High Water Persists but Barge Rates Falling

The Mississippi River continues to have high water levels disrupting barge traffic. The opening of the upper Mississippi River for commercial traffic continues to be delayed, while the rest of the Mississippi River and Illinois River have reduced tow configurations, reducing tonnage per tow and increasing the number of round trips to fill an export order. The effective reduction in capacity increases wait times for shippers and increases shipping rates.

Source: U.S. Army Corps of Engineers, ACBL River Currents

In early March, barge freight rates along the Illinois River were up 90 percent from last year and 54 percent from the three-year average for early March. In one month, barge freight rates along the Illinois River fell to 63 percent above last year and 20 percent above the three-year average. The forward three-month barge rate indicates that barge rates will continue to be above the three-year average rate into summer.

Source: USDA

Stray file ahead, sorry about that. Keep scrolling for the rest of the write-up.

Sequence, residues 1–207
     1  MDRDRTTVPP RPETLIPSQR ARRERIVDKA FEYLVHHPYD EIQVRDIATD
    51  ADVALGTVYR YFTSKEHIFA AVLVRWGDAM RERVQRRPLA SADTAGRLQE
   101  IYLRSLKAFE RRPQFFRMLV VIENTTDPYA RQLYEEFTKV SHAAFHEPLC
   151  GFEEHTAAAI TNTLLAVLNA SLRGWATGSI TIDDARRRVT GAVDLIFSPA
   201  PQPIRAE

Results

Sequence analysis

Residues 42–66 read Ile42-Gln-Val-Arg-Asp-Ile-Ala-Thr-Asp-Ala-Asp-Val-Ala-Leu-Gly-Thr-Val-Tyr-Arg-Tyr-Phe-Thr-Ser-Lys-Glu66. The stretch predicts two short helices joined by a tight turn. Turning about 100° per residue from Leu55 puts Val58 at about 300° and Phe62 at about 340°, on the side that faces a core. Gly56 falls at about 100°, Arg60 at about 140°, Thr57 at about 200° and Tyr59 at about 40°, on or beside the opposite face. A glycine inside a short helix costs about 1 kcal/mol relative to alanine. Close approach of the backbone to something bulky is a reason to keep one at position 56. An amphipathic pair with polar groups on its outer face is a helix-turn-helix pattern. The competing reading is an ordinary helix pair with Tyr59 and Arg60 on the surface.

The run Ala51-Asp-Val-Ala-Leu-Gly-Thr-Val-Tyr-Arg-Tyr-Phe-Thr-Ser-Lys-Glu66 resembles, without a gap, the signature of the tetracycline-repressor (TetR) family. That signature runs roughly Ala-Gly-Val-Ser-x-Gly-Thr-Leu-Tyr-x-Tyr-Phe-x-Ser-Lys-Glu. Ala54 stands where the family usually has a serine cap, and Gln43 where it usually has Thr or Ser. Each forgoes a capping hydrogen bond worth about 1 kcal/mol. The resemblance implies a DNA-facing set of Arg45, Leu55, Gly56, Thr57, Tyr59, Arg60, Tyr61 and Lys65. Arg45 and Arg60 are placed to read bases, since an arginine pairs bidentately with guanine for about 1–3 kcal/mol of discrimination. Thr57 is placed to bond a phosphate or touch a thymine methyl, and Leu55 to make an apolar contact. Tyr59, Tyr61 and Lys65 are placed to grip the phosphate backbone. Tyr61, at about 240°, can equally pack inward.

Weather patterns will affect the forward rate. With impressive snowstorms slamming the Northern Plains and Upper Midwest in early April, high water conditions will persist into May or even June. If the U.S. and China reach a free trade deal that results in a rush of export business, towboat availability could become an issue. Expect barge rates to stay above the three-year average but not explode higher.

Alan Barrett
Alan Barrett

Director of Consulting

Doane Advisory Services

Alan Barrett is Doane’s project consultant and accomplished commodity economist with more than 25 years of experience in futures and cash markets with a focus on cotton, commodity projects, non-traditional agricultural products, transportation and supply chain studies. Alan spent six years as a commodity futures broker. His expertise encompasses feasibility studies of oilseed crushing plants (soybean canola, and cottonseed), grain elevators, export elevators, shuttle elevators, grain container operations, flourmills and other processing facilities. Alan also has conducted transportation supply chain studies for grains, oilseeds, fertilizer, coal, natural gas, crude oil, and petroleum products. Alan has considerable experience in non-traditional agricultural products such as coal, coke, natural gas, chemicals, hydraulic fracturing fluid, hydraulic fracturing proppants, glycerin, fertilizer, micronutrients, salt, limestone, cement, iron ore, pig iron, and steel, especially feed ingredients. Mr. Barrett has a BS and MS in Agricultural Economics from the University of Tennessee.